Every day, every week, every month, every year, your people either feel defeated, excited, or undistinguished about their performance.Read More
Strategic Discipline Blog
Saturday, my son Noah, performed a solo and in a quintet at Solo and Ensemble, at Jefferson High School in Cedar Rapids, Iowa. Watching him perform reminded me of the irony of freedom. It also reminded me of a quote I’ve used several times in my blog, that the will to win isn’t as important as the will to prepare to win.
How important do you value discipline in your organization? How much thought if any do you give to it?
Last blog in Key Performance Indicators we presented the value of speaking to customers and employees routinely and why these measurements can be so powerful to your business.
How do you build a business model from Good to Great? The answer while not popular is fundamental. We dislike, resist and simply refuse to want more of it in our life: DISCIPLINE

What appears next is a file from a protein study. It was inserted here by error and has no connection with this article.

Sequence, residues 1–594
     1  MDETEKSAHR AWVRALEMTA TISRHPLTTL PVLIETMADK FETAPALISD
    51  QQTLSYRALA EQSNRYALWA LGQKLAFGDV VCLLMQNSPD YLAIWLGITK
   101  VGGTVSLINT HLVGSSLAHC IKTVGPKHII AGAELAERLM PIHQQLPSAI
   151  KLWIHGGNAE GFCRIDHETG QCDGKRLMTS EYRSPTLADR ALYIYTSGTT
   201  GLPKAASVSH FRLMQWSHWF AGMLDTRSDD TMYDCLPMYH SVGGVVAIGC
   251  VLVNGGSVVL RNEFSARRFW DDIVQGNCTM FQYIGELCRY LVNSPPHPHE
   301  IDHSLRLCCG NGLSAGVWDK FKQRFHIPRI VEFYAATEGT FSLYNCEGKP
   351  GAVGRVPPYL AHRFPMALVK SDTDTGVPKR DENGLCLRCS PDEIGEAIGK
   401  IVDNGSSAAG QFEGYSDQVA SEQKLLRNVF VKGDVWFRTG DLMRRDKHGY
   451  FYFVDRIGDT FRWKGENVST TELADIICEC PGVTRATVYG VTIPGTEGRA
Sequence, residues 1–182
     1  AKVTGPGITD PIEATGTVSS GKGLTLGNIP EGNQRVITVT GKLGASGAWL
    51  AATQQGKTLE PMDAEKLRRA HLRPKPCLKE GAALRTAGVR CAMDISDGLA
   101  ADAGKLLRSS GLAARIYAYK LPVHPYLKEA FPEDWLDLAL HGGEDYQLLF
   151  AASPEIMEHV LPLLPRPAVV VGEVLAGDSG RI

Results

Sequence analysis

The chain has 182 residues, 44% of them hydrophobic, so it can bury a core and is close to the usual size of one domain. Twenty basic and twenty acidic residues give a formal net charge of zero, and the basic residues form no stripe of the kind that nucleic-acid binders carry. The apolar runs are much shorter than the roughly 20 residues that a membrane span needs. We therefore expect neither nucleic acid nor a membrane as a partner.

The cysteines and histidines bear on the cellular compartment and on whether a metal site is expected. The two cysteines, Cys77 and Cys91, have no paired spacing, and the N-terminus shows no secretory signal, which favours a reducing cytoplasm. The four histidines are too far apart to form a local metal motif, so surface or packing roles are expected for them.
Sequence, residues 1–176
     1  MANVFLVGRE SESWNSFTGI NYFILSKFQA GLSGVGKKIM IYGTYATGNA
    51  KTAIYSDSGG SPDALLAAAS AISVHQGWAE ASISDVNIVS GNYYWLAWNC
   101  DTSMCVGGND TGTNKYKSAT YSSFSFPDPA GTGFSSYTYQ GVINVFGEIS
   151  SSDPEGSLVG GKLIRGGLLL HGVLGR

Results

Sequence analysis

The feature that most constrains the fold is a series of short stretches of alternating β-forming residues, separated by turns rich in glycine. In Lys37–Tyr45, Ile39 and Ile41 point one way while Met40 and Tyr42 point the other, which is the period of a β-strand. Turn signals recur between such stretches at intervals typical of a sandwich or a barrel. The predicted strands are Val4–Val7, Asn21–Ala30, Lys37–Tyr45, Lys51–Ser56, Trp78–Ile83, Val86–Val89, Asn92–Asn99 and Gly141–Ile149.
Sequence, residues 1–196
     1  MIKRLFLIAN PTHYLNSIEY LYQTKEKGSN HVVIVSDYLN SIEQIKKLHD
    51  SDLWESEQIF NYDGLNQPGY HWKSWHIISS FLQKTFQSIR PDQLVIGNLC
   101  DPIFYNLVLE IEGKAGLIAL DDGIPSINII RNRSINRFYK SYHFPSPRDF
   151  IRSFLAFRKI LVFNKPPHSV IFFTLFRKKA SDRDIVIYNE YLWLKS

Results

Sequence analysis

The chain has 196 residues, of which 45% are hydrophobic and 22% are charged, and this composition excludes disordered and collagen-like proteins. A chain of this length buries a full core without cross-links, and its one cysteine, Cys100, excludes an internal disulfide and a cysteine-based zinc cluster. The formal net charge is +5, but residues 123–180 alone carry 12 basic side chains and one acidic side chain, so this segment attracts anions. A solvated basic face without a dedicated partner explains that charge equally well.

Question: Why do most businesses fail?
What’s the problem with discipline? Repeatedly in this blog and in the works of Jim Collins in Good to Great, Great by Choice, How the Mighty Fal, Patrick Lencioni’s The Advantage, The Four Disciplines of Execution, and many other best practice and top thought leadership books we hear the principles of discipline continuously cited as critical to reaching success.
The greatest marketer and innovator on the planet returns to his former company, Apple, and what is his first step? In Great by Choice, Jim Collins uses Apple as one of the comparison companies. His research looked at 1972-2002, and Steve Jobs didn’t return to Apple until 1997. But consider Jobs’ first move:
If you believe that achieving success is about being in the right place and perhaps being born with a silver spoon in your mouth, then consider the story of Alan Rudy.